CN Exclusive: Lifelong Antisemitism Opponent Mike Evans Honored With Nobel Peace Prize Nomination

Mike Evans (left) and former U.S. Secretary of State Mike Pompeo (Charisma News archives)
Mike Evans, founder of the Friends of Zion Heritage Center and Museum in Jerusalem, is fully aware of how few people are nominated annually for the Nobel Peace Prize. And when the committee informed him earlier this week he was a candidate for the coveted award in 2022, it stunned him.

But many others weren't, considering Evans' tireless work to combat antisemitism around the world on a daily basis. For decades, Evans has been a warrior in his efforts to eradicate antisemitism and the nomination was submitted by Bobby Brown, advisor to former Israel Prime Minister Benjamin Netanyahu.

"I'm actually in shock," Evans said in an exclusive interview with Charisma News. "I certainly never expected something like this. I have been a victim of it during my life. But my life's work has been to combat antisemitism. I never thought I would be recognized for it in such a way.

"What drives me to the cause is that I feel like I'm the happiest person on earth because I have a cause that is greater than myself. It's a huge honor. And, I'm not sure of this, but I know of no other evangelical that has ever been nominated for the award. I could be wrong about that."

There is little question in Brown's mind that Evans is deserving of the honor.

"The reason I nominated Mike Evans is because I know of no living person doing more to combat antisemitism."

Evans himself was a victim of antisemitism early in his life, and within his own family. Evans' father attempted to strangle him when Evans was 11 as he defended his Jewish mother against violence.

"I got a call from my sister, who is not a believer, and she said to me, 'Mike, I know what you went through as a child with Dad. I went through the same thing. I want you to know how proud I am of you,'" Evans says. "When you start seeing family members touched in that way, it's incredible."

Because of his work with former Israeli Prime Minister Menachem Begin in combatting antisemitism, Evans gained his share of enemies. In 1984, a man named Richard Snell, who was involved in the planning of the Oklahoma City bombing, made plans to come to Evans' home in Colleyville, Texas to kill him. Evans received that information from the Bureau of Alcohol, Tobacco and Firearms, and Snell actually killed an Arkansas state trooper on his way to Colleyville.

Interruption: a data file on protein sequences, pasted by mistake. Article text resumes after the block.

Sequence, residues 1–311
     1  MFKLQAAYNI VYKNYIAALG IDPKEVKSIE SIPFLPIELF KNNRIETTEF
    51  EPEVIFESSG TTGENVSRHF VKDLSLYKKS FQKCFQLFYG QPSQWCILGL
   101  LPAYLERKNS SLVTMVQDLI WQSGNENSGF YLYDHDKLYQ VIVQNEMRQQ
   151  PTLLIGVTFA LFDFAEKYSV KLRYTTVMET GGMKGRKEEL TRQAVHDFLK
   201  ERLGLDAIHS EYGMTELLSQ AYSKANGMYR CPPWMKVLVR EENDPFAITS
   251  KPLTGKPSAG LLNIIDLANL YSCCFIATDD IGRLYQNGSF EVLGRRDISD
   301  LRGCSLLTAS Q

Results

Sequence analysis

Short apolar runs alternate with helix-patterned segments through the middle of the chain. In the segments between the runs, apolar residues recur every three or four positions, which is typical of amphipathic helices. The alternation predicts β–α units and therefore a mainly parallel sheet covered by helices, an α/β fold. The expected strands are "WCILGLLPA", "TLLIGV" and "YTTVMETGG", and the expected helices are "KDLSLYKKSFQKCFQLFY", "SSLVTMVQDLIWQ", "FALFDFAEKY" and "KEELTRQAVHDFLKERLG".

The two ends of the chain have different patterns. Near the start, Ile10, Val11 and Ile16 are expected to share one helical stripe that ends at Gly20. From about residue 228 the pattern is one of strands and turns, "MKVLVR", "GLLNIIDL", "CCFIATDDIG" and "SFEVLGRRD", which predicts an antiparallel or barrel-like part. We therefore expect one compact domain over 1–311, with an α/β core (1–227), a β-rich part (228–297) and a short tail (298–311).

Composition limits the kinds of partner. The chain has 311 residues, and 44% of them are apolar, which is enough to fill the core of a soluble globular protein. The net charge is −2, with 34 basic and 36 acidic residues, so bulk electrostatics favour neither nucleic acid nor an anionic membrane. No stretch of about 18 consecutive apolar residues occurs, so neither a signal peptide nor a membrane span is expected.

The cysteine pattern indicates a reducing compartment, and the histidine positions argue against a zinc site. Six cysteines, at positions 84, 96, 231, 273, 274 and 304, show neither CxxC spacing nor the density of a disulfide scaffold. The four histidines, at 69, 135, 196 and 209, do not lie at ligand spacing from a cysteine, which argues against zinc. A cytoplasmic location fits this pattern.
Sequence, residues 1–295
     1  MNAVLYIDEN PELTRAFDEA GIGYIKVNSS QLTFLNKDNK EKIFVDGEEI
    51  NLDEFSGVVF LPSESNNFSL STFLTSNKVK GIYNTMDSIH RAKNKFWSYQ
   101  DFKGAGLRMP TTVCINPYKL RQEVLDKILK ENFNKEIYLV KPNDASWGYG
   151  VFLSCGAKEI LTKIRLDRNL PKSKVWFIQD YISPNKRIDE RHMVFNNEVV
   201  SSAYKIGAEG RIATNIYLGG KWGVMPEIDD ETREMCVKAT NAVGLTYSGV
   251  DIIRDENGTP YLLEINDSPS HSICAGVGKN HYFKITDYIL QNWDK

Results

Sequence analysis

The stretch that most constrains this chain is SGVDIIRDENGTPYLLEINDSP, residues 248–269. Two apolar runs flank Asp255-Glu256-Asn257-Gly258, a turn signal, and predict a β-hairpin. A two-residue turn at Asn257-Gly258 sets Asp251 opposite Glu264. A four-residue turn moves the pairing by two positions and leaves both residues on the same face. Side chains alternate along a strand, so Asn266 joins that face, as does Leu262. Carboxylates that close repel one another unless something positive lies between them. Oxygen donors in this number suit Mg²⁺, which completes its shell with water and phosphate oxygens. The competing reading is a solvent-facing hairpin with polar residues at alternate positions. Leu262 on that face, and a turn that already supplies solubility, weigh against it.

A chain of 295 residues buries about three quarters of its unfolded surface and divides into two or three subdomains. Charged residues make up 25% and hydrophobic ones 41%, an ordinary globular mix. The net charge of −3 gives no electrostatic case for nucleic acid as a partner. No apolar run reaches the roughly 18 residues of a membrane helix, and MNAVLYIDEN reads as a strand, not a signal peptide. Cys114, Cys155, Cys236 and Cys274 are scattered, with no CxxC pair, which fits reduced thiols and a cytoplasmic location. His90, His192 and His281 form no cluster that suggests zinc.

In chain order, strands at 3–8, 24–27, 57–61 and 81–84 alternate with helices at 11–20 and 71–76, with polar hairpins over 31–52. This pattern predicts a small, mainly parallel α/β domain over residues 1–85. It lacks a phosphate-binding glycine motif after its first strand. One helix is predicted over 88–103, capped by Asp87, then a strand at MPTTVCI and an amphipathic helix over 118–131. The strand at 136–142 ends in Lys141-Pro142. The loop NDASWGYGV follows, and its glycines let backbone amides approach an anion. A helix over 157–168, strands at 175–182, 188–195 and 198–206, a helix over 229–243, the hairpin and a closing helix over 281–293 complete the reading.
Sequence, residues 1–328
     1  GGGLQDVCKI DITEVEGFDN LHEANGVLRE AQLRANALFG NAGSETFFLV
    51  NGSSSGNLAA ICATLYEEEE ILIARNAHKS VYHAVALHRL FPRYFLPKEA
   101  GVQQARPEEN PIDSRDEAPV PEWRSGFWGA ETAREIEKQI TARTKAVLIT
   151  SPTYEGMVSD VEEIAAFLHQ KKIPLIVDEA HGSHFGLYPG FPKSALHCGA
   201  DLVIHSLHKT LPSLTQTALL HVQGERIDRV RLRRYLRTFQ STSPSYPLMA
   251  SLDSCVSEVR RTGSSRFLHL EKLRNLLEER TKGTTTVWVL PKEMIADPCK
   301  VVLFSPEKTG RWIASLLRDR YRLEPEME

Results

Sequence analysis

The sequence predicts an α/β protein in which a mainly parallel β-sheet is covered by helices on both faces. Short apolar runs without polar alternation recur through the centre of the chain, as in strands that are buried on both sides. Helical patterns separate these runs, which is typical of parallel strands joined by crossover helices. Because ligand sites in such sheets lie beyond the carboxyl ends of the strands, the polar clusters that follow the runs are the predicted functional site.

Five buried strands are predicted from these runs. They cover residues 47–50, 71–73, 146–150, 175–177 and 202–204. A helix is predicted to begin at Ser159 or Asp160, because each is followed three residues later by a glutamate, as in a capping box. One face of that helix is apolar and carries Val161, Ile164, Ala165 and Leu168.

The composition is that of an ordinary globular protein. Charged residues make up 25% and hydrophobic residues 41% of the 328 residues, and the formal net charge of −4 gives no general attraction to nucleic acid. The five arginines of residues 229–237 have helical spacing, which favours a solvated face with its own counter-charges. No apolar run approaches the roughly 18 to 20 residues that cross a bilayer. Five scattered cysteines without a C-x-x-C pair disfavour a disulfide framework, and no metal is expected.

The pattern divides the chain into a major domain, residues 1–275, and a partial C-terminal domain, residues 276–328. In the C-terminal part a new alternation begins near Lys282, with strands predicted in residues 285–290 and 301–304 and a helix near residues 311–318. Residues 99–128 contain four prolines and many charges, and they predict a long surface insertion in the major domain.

Fortunately Snell, a self-proclaimed Jew hater, was intercepted by authorities and never reached Evans' home.

"I had written a book called Israel: America's Key to Survival, and Richard Snell's mission was to take me out," Evans said. "My son, Michael, who runs our museum in Jerusalem, reminded me that his mother was pregnant with him during this time. He said God not only protected me, but he also protected him and his mother."

Evans was one of the first on the scene in a recent antisemitic attack on Congregation Beth Israel synagogue near his home in Colleyville.

"Antisemitism is alive and well right now," Evans says. "It used to be considered antisemitism when an individual Jew was attacked. Now, the new antisemitism is all about Zionism in Israel. It's the canary in the coal mine. There is a tremendous rage against Bible believers who support the Jewish people and against the state of Israel."

Prominent Israeli and Jewish leaders extolled Evans' virtues in separate statements.

"Mike Evans, a fighter for freedom in a world of darkening horizons," former Israeli Prime Minister Benjamin Netanyahu said in a statement provided to Charisma News. "In his devotion to Israel, Mike has consistently demonstrated the moral clarity that is necessary to defend Israel against the lies and distortions of its enemies, and championed the Jewish people's claim to the land of Israel."

"I know of no person who has done more in my lifetime to combat antisemitism, and especially someone who has been a victim of antisemitism," says Rabbi Yisroel Goldstein, a survivor of the Poway, California synagogue mass shooting in 2019.

Nominations for the Nobel Peace Prize will continue to be taken through Jan. 31. The winner will be announced later this year in Oslo, Norway.

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